It involves rank and file officers becoming pro-active in solving root causes of reoccurring problems in relation to the type of offender, localities and victims (Tilley, 1996). Problem oriented policing is a type of pro-active policing strategy and has become increasingly influential in the UK and addresses problems systematically in an ongoing process.
The development of POP was based on perception that demands placed upon the police service meant that key issues of community to the community were often neglected (Tiley,2003:318) ‘thus the active involvement of the community and external agencies is often vital to the identification of problems and the development of strategies to solve them’ (Leigh, Reid and Tilley, 1996:5).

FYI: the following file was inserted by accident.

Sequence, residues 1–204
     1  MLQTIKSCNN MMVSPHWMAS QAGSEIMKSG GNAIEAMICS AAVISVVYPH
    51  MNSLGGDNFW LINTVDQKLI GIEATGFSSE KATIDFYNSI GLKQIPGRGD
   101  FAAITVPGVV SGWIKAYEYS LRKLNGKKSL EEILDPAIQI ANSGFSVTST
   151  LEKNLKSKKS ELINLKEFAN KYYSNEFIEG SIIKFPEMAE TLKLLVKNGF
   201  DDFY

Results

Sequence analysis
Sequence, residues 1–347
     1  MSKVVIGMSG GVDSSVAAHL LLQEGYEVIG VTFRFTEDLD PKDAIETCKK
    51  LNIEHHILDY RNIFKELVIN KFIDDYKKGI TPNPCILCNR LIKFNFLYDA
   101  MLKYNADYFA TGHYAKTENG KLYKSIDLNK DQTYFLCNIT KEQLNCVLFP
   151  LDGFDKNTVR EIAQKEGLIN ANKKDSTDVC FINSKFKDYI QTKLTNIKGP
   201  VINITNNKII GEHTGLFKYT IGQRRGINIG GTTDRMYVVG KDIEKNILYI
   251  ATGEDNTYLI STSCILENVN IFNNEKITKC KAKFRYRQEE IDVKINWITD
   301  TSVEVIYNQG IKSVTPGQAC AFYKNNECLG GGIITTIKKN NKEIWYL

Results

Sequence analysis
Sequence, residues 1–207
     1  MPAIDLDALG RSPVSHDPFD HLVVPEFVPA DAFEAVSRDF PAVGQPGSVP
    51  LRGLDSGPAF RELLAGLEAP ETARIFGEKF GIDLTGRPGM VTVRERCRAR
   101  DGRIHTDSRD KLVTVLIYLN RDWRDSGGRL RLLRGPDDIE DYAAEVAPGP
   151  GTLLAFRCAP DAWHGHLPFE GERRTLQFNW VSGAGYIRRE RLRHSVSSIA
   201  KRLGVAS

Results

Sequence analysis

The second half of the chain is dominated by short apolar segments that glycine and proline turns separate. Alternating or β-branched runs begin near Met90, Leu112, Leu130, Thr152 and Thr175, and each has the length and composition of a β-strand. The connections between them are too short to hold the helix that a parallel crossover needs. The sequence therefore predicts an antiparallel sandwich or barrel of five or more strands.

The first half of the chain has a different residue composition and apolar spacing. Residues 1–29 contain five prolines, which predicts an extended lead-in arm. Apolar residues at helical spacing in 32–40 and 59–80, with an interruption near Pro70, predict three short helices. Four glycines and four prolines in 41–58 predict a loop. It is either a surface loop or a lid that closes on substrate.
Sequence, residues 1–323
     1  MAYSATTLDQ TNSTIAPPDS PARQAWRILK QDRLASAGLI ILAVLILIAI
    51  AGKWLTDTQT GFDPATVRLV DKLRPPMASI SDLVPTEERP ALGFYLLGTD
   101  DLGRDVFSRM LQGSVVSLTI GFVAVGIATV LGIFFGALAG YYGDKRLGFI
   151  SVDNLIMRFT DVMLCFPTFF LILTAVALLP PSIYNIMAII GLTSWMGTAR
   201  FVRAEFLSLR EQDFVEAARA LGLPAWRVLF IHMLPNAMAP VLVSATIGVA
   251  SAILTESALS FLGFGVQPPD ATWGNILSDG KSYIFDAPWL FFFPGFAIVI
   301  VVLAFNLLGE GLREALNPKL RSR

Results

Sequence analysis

Crime prevention in Britain has constantly been seen as being the duty of the police. The British crime survey in 1982 showed that crime was four times higher than police had recorded it. (Walklate, 1996.) And more recently Barclay, (1995) found that only 3% of government expenditure on crime and criminal justice matters was spent on crime prevention. (Pease, 1997.) This showed that that the police alone could not combat such a level of crime.
The basic premise of POP ‘is that the core of policing should be to deal effectively with underlying police-recurrent problems rather than simply to react to incidents calling for attention one by one as they occur’ (Bullock and Tilley, 2003:1). ‘This approach places the application of scientific methods at the heart of policing’ (Ekbolm, 2002; Bullock and Tilley, 2003: 5-6; John and Maguire, 2003:38) and involves: ‘identifying and analysing recurrent problems’ ‘interrogating their underlying sources’ ‘finding some points of intervention that will block caused and risk factors’ ‘Implementing the initiatives that have been devised’, ‘evaluating the success of initiatives put forward to respond to identified problems.’